I have chosen to deal with forecasting cash flows as a separate section because it represents a different universe of risk for those engaged in the process, when compared to the task of analysing historic cash flows. What follows is a discussion of the major points of difference between the analysis of historic cash flows (and data in general) and the process of forecasting cash flows (and forecasting in general).


In examining historic cash flows we are essentially conducting our analysis exercise after the fact. We are seeking to make published and other historic data more useful and accessible by manipulating and simplifying it. This is similar to the process carried out by a detective in seeking to solve a crime. The facts (clues) are there, it is a matter of identifying them and piecing them together to tell the full story of what actually happened.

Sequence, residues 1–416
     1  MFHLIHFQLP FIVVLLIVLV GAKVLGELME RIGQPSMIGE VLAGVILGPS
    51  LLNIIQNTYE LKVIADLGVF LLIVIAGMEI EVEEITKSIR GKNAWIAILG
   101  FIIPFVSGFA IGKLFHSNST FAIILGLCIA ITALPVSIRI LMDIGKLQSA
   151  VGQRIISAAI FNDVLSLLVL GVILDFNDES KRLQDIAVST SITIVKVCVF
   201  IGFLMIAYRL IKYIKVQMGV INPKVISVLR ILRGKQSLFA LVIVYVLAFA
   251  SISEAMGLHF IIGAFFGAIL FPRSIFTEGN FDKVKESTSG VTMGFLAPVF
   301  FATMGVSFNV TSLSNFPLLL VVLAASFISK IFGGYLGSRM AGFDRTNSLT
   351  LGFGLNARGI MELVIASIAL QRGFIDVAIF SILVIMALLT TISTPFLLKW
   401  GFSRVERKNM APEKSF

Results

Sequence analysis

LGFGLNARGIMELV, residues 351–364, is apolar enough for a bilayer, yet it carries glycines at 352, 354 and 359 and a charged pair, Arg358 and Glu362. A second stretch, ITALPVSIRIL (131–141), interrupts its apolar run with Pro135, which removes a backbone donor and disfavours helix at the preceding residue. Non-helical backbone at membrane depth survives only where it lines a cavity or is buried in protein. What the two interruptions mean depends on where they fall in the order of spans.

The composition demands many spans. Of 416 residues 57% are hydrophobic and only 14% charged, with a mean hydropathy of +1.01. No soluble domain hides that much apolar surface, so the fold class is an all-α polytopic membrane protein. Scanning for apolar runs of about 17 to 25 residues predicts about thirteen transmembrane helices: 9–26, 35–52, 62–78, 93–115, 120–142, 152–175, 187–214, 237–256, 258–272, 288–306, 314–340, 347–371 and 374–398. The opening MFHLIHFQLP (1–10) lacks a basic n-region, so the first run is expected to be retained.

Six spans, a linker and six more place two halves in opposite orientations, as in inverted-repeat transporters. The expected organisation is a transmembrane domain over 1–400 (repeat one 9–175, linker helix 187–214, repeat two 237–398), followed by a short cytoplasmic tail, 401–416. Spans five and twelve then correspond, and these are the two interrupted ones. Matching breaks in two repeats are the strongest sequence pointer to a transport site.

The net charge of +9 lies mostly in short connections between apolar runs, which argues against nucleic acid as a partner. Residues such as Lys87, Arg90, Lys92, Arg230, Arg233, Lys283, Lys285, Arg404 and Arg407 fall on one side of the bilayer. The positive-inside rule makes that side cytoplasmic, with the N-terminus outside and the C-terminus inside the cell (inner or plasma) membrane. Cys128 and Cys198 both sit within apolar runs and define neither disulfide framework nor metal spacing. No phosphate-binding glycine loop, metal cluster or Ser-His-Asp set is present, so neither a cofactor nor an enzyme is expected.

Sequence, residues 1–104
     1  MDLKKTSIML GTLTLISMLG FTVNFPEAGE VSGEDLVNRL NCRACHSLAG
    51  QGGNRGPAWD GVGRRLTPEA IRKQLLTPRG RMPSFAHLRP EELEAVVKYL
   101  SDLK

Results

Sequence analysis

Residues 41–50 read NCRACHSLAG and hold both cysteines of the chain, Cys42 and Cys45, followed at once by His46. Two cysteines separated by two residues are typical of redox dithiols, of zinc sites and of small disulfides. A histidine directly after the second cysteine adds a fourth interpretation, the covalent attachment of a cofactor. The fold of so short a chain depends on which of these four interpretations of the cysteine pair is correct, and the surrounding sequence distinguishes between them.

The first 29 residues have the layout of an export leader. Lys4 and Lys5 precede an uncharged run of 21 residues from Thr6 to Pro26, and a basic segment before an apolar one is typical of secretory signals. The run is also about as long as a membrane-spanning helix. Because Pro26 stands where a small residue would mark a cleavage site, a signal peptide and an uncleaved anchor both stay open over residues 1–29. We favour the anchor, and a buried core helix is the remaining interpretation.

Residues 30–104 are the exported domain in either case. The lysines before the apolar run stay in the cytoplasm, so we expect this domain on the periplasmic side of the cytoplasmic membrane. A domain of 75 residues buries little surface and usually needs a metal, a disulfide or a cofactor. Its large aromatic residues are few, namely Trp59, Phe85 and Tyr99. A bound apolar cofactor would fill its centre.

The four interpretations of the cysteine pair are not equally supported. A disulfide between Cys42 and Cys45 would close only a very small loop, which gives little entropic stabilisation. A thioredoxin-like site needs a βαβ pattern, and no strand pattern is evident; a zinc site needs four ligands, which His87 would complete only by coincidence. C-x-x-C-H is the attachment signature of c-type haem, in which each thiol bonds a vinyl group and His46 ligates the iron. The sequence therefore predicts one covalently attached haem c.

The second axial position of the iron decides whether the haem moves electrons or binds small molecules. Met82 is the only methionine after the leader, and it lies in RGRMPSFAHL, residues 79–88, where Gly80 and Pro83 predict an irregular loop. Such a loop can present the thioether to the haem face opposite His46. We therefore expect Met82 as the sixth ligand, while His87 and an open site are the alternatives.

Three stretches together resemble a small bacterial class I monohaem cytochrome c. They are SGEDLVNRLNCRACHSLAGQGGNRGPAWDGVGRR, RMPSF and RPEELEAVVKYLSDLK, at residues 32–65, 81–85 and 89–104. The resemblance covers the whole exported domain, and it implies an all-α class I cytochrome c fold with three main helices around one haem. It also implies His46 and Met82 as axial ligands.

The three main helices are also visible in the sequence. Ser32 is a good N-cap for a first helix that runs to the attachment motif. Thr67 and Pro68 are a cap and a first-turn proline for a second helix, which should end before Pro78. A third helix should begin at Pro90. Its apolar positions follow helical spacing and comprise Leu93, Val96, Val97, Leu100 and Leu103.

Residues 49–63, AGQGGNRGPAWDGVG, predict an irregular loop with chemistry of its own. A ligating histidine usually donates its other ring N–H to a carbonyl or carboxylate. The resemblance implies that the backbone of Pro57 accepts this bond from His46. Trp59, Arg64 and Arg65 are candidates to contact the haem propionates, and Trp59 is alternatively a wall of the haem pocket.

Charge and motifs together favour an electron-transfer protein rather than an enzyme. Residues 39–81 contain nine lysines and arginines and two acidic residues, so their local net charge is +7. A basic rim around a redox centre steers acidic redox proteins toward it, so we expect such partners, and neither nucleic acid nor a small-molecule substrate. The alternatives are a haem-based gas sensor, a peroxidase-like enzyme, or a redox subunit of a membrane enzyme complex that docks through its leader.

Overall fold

In most situations we will make an assumption that the published cash flow data that represents the starting point for our analysis is fact. Occasionally, due to accounting manipulation and abuse, fraud or misrepresentation, this assumption will turn out to be wrong, so invalidating our analysis of what actually happened. From this initial insight we can immediately attempt a maxim.

All assumptions are dangerous.

For example, if you have developed a comprehensive historical cash flow analysis of a business from published audited accounts, perhaps because your organisation ...

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